The Forgotten History of Brazil’s Concentration Camps

In the Early 20th Century, Authorities Hid Thousands of Impoverished Rural People Trying to Escape Drought

This is an excerpt from Brazilian social critic and novelist Rachel de Queiroz’s first book Os Quinze. Published in 1930 and later translated in English as The Fifteen, it refers to the year 1915 when thousands of people fleeing a drought in the interior of the state of Ceará, in northeastern Brazil, were placed in a concentration camp on the outskirts of the state capital, Fortaleza.

Though little discussed today, in 1915 and again in 1932, eight concentration camps were built in the countryside of Ceará. Today, the rescue of …

If You Want to Rule Brazil, Draw Power from the Streets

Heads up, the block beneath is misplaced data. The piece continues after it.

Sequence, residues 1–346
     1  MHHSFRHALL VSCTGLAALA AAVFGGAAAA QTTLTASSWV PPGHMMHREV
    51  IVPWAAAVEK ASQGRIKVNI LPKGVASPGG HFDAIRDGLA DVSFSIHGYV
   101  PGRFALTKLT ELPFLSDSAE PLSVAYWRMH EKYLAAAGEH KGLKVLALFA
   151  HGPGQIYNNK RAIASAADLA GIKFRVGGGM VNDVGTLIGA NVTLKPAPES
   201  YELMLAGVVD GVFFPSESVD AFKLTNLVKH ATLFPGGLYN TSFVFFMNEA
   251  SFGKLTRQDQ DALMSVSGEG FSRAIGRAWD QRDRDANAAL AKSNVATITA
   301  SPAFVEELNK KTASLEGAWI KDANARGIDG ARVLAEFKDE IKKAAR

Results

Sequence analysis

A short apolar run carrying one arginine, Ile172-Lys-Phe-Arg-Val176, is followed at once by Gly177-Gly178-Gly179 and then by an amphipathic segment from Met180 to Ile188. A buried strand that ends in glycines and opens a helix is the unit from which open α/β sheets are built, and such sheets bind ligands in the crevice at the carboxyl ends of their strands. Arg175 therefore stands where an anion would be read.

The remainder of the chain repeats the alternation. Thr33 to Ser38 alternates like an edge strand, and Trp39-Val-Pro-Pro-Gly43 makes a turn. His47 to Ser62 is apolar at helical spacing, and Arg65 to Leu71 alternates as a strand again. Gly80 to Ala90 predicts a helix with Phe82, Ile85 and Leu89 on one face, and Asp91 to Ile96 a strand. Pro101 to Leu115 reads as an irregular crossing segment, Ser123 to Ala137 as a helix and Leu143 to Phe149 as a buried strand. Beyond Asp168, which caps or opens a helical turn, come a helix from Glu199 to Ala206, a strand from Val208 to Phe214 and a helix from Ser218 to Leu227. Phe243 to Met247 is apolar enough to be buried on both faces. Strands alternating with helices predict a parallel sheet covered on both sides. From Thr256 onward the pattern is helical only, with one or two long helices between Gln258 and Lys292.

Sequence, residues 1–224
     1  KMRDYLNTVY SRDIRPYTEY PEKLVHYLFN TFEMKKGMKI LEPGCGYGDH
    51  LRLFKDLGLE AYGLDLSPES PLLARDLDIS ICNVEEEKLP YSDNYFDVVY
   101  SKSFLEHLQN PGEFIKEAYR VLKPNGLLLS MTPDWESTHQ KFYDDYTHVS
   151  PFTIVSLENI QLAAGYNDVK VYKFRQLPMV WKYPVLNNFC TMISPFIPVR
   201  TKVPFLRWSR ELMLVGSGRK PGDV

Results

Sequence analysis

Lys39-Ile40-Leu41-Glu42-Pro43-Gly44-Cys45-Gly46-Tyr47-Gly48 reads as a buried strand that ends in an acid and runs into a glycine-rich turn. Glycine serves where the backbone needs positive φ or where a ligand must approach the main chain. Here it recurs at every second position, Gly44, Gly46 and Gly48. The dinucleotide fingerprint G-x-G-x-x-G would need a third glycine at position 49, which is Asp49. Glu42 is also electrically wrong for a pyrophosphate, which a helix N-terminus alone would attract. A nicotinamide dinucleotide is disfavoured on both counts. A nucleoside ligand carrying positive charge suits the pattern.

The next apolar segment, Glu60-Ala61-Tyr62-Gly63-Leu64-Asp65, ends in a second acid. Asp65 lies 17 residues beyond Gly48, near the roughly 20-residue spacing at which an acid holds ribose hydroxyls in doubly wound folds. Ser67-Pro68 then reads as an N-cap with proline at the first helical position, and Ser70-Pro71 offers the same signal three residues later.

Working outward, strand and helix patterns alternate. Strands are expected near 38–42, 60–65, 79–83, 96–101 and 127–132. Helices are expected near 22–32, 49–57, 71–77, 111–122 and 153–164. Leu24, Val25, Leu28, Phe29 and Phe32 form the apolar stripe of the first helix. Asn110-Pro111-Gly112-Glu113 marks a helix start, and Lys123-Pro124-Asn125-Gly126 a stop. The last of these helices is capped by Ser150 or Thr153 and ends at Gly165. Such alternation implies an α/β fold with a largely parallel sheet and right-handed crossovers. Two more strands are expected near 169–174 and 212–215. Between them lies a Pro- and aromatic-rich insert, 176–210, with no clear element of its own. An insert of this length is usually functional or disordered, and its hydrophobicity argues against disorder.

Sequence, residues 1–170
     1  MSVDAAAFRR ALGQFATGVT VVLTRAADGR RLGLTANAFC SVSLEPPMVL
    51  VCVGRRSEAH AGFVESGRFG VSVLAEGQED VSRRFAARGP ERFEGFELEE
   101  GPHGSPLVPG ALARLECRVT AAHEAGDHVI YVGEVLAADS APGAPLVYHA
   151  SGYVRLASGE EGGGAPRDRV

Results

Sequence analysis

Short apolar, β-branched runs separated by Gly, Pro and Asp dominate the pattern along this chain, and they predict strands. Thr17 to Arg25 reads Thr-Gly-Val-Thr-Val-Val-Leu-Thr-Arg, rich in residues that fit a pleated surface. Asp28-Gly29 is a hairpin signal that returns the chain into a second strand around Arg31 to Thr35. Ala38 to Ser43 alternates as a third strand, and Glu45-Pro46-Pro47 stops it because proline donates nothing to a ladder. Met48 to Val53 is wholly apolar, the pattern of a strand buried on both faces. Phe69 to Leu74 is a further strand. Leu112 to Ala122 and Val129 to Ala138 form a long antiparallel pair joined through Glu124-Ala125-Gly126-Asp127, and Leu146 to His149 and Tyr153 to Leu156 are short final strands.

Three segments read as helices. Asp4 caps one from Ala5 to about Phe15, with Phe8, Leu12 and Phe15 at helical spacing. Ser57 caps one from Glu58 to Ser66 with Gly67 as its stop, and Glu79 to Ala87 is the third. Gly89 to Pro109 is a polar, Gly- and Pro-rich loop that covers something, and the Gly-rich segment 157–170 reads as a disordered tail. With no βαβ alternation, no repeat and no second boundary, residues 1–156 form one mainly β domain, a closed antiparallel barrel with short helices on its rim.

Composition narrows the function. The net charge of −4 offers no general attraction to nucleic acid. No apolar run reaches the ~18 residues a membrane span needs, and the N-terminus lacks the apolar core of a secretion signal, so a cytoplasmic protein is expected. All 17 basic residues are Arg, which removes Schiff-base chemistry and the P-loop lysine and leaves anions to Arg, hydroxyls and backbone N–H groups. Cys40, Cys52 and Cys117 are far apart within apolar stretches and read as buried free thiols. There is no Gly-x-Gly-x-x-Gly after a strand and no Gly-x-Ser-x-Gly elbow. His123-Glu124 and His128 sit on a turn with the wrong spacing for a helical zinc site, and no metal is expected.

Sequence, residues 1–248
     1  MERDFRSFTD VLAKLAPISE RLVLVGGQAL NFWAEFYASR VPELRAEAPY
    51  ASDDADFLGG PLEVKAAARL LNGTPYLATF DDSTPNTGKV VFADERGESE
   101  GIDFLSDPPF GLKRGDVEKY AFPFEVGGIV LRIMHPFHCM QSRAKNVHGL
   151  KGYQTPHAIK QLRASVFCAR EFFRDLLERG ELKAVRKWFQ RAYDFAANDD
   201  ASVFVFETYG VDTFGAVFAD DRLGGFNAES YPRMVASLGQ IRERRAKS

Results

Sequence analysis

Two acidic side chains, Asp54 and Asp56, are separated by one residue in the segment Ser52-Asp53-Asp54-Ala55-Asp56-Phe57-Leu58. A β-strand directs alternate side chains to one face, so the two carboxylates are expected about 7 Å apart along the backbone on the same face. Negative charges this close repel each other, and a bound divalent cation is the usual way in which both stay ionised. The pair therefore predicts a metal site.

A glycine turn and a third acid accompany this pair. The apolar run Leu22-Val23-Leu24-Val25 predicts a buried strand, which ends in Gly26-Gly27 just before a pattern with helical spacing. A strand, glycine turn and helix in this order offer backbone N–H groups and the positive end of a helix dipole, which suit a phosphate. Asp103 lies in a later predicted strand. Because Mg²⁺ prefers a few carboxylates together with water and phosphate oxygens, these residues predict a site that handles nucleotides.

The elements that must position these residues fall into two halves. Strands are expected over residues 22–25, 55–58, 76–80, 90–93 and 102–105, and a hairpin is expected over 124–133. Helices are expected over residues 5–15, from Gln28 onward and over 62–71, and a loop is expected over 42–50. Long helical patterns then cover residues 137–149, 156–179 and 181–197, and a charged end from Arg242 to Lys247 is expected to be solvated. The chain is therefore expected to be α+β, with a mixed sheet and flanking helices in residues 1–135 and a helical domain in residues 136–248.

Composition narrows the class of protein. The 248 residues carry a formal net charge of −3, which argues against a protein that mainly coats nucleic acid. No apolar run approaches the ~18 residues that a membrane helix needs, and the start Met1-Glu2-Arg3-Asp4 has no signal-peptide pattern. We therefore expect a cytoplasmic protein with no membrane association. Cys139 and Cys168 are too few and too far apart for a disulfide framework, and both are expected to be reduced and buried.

In a Country with Too Few Democratic Tools, Mass Protests Can Make or Break a Government

Last August, Brazil’s leftist President Dilma Rousseff was forced to step down from office after the nation’s senate voted to impeach her. But Rousseff’s true downfall came months earlier, when …

Even “The Girl From Ipanema” Can’t Save Rio’s Olympic Train

Why the Faltering Subway Line Exemplifies Brazil's Broken Promises

When the self-proclaimed greatest legacy infrastructure project of the Rio Olympics is a new metro line that stops eight miles short of the actual Olympic Park, you already know there’s …

Rio de Janeiro’s Violence Makes No Sense

A Journalist Grapples With Her City's Brutality

Every Wednesday, a farmers’ market sprung up in the cobblestoned square facing my Rio de Janeiro apartment. The clank and bang of vendors building makeshift stalls woke me up at …

American Sports Are Making Gains Across the Globe

Basketball Players Like Brazilian League Star Larry Taylor Serve as Unlikely Ambassadors for U.S. Culture

During the Brazilian basketball league’s recent all-star ceremony, held at an upscale lounge in São Paulo, Larry Taylor climbed atop a stage and started rapping his new hip-hop single, “Be …